- The Washington Times - Friday, September 1, 2006

BOSTON — Brendan Kelley was 10 years old when his father first took him to the Prudential Building’s Skywalk observatory in downtown Boston.

On his second trip 750 feet up to New England’s highest observation deck, Mr. Kelley took his own son, Dan.

“Boston has changed dramatically,” the Phoenix resident said as he looked out over the city during a recent visit. “The streets that used to be here aren’t here anymore.”

“It’s so green here,” said his wife, Anne Marie. “Phoenix doesn’t have much of that.”

The Prudential Building was the tallest building in Boston when it was completed in 1965. It didn’t lose that title until 1976, when the 790-foot John Hancock Tower was completed.

Since the observation deck in the John Hancock Tower closed after the terror attacks of September 11, 2001, more people have come to the Skywalk’s indoor observatory to get an unobstructed view of Boston.

A single admission ticket buys visitors access to the observatory as well as museum exhibits on the 50th floor of the 52-story building. Visitors can use individual audio handsets at 20 marked stations around the 360-degree glass rotunda.

After a visitor types in the station number, an audio tour “guide” named Buddy points out Boston’s top attractions. To the north, across the Charles River in Cambridge, are Harvard University and the Massachusetts Institute of Technology.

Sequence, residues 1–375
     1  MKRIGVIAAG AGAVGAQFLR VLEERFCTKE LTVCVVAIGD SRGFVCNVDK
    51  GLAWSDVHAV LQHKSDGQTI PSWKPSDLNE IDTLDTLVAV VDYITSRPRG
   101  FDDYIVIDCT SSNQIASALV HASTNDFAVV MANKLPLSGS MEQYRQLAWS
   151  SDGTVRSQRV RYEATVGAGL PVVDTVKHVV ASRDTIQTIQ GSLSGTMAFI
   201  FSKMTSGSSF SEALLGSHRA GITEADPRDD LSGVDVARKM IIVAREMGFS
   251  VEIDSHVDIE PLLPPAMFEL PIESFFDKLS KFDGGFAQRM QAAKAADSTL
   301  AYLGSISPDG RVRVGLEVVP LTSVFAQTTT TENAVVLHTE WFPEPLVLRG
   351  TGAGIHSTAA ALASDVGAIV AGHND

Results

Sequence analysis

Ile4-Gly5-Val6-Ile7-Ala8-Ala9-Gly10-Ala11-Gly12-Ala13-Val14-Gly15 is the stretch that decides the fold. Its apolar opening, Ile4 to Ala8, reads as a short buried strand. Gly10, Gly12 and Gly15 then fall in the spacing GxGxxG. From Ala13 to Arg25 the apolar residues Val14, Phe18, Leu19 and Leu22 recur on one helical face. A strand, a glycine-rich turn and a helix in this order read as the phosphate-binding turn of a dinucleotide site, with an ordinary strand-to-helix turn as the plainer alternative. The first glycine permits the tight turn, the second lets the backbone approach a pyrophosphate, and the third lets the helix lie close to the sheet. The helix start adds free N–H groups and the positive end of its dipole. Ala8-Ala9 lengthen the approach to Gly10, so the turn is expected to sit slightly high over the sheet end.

The south end has been home to several generations of the city’s immigrants. Facing east, one can spot the gilded dome of the Massachusetts State House. Looking to the west, visitors have a bird’s-eye view of Fenway Park, home to the Boston Red Sox.

The audio tour also lets visitors in on some Boston trivia: Boston had a subway system before New York; the affluent Back Bay neighborhood was once a stinky swamp; Americans actually lost the Battle of Bunker Hill; the North End smelled like molasses for weeks after a molasses distillery exploded in 1919.

Skywalk celebrated its 40th anniversary last year by installing the Dreams of Freedom Immigration Museum. Formerly located in downtown’s International Institute of Boston, the museum highlights immigration’s role in building Boston’s identity.

In one multimedia exhibit, two rap emcees appear on separate television sets and ask viewers sample questions from the U.S. citizenship test.

Siblings Fernando and Jennifer Pena laughed while they watched the video. “If you ask Americans, some of them wouldn’t even know the answers to those questions,” said Miss Pena, who was born in the Dominican Republic.

Among the nearly 30 interactive displays are a short film about refugees narrated by singer Peter Gabriel and the “Wings Over Boston” aerial video tour.

Some visitors come to the Skywalk for more than the view or the trivia. Isabella Davis has seen plenty of marriage proposals take place during the 11 years she has worked the cash register at the observatory. Some of the proposals have even taken place midair — men have rented airplanes with banners to pop the question outside the 50th floor.

“We just had one the week before last. She was so happy she said she wanted to cry,” Miss Davis said.

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Prudential Skywalk: 800 Boylston St., Boston, on the 50th floor of the Prudential Building; www.prudentialcenter.com/play/skywalk.html or 617/859-0648. Adults, $10.50; children under 12, $7; seniors, $8.50. Open daily 10 a.m. to 9:30 p.m. March through October and until 8 p.m. November through February.

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